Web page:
“I no longer feel stuck with the pain. Now, I have the confidence to know that I can manage my pain on my own.”
Rosalind Gill struggled with chronic hip pain for years and even feared she would need a hip replacement before finally receiving a diagnosis – fibromyalgia. A complex chronic condition, fibromyalgia causes musculoskeletal pain that can be difficult to manage. Treatment often involves medication but Rosalind was hoping to find a more holistic approach.
“After receiving my diagnosis, I began looking for alternatives to drug therapy,” she says. “I wanted to find a clinic that supported my desire to manage my pain without medication. That’s when I was referred to Women’s College Hospital’s Toronto Academic Pain Management Institute.”
Rosalind enrolled in the Institute’s Pain University program – a nine-week course designed to help patients with chronic pain conditions like fibromyalgia understand where their pain comes from and how it can be managed using a combination of approaches including exercise, cognitive behavioural therapy, and lifestyle changes. A revolutionary component of the course is its focus on educating patients about their pain – an aspect of treatment that is often overlooked.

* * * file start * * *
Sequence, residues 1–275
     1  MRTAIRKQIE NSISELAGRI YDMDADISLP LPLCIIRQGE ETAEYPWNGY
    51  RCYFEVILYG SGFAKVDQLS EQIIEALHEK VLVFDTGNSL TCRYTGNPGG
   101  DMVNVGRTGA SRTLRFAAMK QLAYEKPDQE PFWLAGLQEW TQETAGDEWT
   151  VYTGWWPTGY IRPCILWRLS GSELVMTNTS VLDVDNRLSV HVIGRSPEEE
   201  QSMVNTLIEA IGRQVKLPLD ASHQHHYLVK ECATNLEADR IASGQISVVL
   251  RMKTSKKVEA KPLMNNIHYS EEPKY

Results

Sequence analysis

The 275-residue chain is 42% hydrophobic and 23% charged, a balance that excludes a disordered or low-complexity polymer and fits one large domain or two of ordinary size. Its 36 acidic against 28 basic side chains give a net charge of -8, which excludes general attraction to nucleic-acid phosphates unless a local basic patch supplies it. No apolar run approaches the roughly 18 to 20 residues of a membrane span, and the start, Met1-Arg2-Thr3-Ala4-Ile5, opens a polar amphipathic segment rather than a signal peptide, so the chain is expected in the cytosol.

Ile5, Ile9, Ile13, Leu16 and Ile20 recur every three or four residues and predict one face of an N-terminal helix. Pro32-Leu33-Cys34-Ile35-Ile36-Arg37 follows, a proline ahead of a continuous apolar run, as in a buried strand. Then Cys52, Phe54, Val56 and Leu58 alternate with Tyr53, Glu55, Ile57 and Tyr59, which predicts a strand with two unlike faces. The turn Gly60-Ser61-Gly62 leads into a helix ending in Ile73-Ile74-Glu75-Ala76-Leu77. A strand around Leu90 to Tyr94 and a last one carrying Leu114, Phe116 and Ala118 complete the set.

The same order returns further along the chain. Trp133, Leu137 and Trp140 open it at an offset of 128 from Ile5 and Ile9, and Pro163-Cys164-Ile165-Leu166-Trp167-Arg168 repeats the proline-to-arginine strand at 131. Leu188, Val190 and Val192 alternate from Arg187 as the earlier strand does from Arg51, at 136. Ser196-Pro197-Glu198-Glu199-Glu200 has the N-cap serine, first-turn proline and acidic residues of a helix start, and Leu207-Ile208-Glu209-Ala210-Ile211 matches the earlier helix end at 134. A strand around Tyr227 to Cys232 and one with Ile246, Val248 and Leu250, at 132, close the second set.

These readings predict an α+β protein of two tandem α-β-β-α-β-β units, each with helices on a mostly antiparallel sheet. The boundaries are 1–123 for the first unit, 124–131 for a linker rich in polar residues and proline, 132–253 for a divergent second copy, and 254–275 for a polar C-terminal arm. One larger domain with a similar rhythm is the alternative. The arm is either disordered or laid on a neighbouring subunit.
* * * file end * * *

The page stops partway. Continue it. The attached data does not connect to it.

Research shows that for people who are dealing with complex chronic pain conditions, medication alone may not have the best results. Dealing with chronic pain can cause feelings of depression, anxiety and despair – feelings that only further aggravate occurrences of pain. Through TAPMI’s multidisciplinary approach to pain management, patients are educated on a variety of tools they can use to manage their pain.
“The TAPMI team works diligently and seamlessly to enhance the patient experience, incorporating evidence-based knowledge with pragmatic life solutions to educate patients on how to manage their pain at multiple levels using a variety of tools and techniques,” says Hari Gopalakrishnan Nair, a physiotherapist at TAPMI.
“With these tools, patients begin to realize that their pain is actually something they have control over.”
This was a realization that was particularly helpful to Rosalind. “After going through the Pain U program, my outlook on my pain really changed. I’ve developed a new relationship to it and the program has really helped to reduce the despair I was feeling about my pain,” she says. “I feel empowered by the education and tools I received.” When asked what impact the program has had on her life, Rosalind shared that it has given her hope. “I no longer feel stuck with the pain. Now, I have the confidence to know that I can manage my pain on my own.”
Listen to more of Rosalind’s story here.